KOCHI:A weekend-long series of street theatre performances organised by the B M Anand Foundation along with Jana Natya Manch (Janam), one of Delhi’s oldest theatre groups, was a huge draw with hundreds of people thronging the venues.
The performances were organised as part of the outreach programme of the exhibition titled, Dissent and Discourse: the Art and Politics of Brij Mohan Anand, a collateral project of the Kochi-Muziris Biennale.
The performances had two plays, The Faces of Violence (Yeh Bhi Hinsa Hai), and Enough is Enough (Yeh Hum Kyun Sahein) intended to spark a conversation on the many faces of dissent and its significance in public discourse, creativity and progress. Four shows were held on Saturday at the Mattancherry bus stand, Vasco da Gama Square, Fort Kochi beach and Aspinwall House. On Sunday, four shows at locations in Fort Kochi and Mattancherry as well as Marine Drive and Subhash Park in the city were performed.
“B M Anand’s works reflected the modern industrial world and served to hold the empowered perspective, and the selective interests served by it, accountable to the broader public. The series of plays by the revolutionary street group Jana Natya Manch on the exploitation of industrial labour and gender violence resonates strongly with the philosophy of this Indian Modern Master,” said exhibition curator Shruthi Issac.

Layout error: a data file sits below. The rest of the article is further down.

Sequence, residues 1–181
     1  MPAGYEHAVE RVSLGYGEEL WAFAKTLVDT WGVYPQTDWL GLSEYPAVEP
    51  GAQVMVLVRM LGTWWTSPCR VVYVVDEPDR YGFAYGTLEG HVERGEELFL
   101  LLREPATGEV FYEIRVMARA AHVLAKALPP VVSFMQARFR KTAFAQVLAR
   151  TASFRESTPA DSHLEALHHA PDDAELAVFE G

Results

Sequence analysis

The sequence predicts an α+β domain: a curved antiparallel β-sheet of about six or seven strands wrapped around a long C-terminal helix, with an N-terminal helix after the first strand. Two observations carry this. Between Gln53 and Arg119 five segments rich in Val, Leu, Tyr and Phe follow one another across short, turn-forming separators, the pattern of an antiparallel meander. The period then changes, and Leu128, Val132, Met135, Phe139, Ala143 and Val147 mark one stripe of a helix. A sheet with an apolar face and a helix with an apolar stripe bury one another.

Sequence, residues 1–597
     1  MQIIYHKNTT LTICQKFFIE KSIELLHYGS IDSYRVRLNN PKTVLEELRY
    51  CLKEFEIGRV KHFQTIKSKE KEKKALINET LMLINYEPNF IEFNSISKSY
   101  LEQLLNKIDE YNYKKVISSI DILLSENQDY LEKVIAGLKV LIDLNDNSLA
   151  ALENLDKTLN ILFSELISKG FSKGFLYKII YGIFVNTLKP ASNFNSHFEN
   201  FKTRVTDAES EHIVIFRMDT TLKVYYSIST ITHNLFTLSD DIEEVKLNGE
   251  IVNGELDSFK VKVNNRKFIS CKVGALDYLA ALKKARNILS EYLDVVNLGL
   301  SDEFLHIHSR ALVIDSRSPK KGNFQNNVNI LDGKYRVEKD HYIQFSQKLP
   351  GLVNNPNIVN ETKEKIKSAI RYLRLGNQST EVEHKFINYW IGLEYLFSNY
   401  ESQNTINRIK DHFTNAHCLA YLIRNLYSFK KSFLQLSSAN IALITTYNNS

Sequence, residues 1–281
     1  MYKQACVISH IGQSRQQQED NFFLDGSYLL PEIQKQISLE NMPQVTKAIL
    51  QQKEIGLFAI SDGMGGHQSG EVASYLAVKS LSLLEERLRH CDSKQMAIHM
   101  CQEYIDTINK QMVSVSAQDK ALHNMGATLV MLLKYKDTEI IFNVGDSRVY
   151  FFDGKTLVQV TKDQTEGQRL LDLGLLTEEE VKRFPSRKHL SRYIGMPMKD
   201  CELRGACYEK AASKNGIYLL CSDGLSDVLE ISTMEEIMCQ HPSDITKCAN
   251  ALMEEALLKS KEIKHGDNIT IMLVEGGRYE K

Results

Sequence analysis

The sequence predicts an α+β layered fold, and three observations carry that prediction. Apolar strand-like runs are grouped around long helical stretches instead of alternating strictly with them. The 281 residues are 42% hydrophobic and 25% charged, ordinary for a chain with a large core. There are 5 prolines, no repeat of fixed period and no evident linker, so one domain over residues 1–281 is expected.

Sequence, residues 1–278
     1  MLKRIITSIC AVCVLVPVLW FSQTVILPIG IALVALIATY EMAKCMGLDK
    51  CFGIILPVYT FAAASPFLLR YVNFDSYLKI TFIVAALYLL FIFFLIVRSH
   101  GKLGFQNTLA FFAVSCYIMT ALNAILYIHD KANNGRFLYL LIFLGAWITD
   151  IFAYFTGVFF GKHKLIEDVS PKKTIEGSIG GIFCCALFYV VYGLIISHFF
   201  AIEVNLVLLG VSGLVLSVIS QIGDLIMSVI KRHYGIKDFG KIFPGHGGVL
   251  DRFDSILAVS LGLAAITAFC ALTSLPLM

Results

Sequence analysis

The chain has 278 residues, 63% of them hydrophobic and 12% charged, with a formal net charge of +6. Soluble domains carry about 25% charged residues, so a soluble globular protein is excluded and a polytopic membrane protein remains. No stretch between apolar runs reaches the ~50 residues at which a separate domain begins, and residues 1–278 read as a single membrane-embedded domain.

“The women of the current generation are reluctant to open up about the mental and physical trauma faced in a patriarchal society. Street plays like this should be organised at the school-level to allow future generations to overcome this fear and to create awareness,” said Cochin Corporation Councillor, Shiny Mathew, who attended one of the performances of The Faces of Violence.
'Enough is Enough' based on real testimonies collected by Janam from industrial workers in and around Delhi - also played to appreciative audiences. The production highlights the mechanics of how workers are exploited and the issues that confront them such as low wages, long work hours and inadequate safety measures. The play juxtaposes hilarious over-the-top farce with deadly serious, quietly assertive drama on the harsh work conditions faced by the workers.
“It was a pleasure to see so many people gathered for the street plays even though the medium of the shows was Hindi,” said Moloyashree Hashmi, wife of Safdar Hashmi, the founder of Jana Natya Manch and one of the six actors in the troupe.
“We have witnessed people crying, getting angry and flaring up during our performances, but to see a crowd completely buying into our conceptions was a satisfying experience,” she added.